Referring now more specifically to the drawings and particularly to FIGS. 1-3, there is illustrated a masking material, generally indicated at 10, applied to the painted surface of an automobile A. It should be understood that the automobile A is exemplary only and that the masking material 10 may be used to protect the surface of any product without departing from the scope of this invention.
Masking material 10 includes a first layer 11 of a suitable plastic film selected to provide the desired characteristics in intimate contact with the surface to be protected. Such plastic film may be formed of polyethylene, polypropylene or blends thereof. Preferably, layer 11 is formed of a plastic film of a blend of polyethylene and polypropylene. Layer 11, when intended for use as an automobile masking material, preferably is formed of an approved acid rain protective type film of about 2.6 mil thickness. For other end uses, layer 11 may be any desired plastic film with characteristics dependent upon the hazards from which the surface is to be protected.
First layer 11 preferably has an adhesive coating or layer 12 on the lower surface thereof for adhering the masking material 10 to the surface being protected. The adhesive is a pressure sensitive adhesive which holds firmly but is readily peelable without damaging the surface or finish thereon and without leaving a residue. The adhesive may be selected from a wide variety available commercially. For use with automobiles, there are several such adhesives which have been approved by the automotive industry and are currently in use. Preferably, an acrylic based pressure sensitive adhesive is used.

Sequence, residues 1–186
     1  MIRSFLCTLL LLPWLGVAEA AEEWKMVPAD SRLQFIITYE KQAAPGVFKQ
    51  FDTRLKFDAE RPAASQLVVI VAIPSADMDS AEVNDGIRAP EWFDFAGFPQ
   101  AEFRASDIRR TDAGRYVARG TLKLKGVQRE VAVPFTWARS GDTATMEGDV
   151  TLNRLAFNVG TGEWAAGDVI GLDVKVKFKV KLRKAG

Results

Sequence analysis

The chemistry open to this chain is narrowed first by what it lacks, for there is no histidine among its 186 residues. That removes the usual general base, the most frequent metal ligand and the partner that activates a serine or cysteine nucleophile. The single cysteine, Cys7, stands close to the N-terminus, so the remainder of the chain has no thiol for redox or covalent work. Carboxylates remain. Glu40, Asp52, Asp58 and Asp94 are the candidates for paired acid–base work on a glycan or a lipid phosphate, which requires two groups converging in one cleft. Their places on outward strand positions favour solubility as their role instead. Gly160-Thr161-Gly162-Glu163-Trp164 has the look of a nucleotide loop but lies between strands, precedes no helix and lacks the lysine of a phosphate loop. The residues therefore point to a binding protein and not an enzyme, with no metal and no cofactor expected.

Alternatively, first layer 11 may be formed of an adhesiveless, sticky or cling film which obviates the need for the adhesive coating 12. Such films are readily available on the market.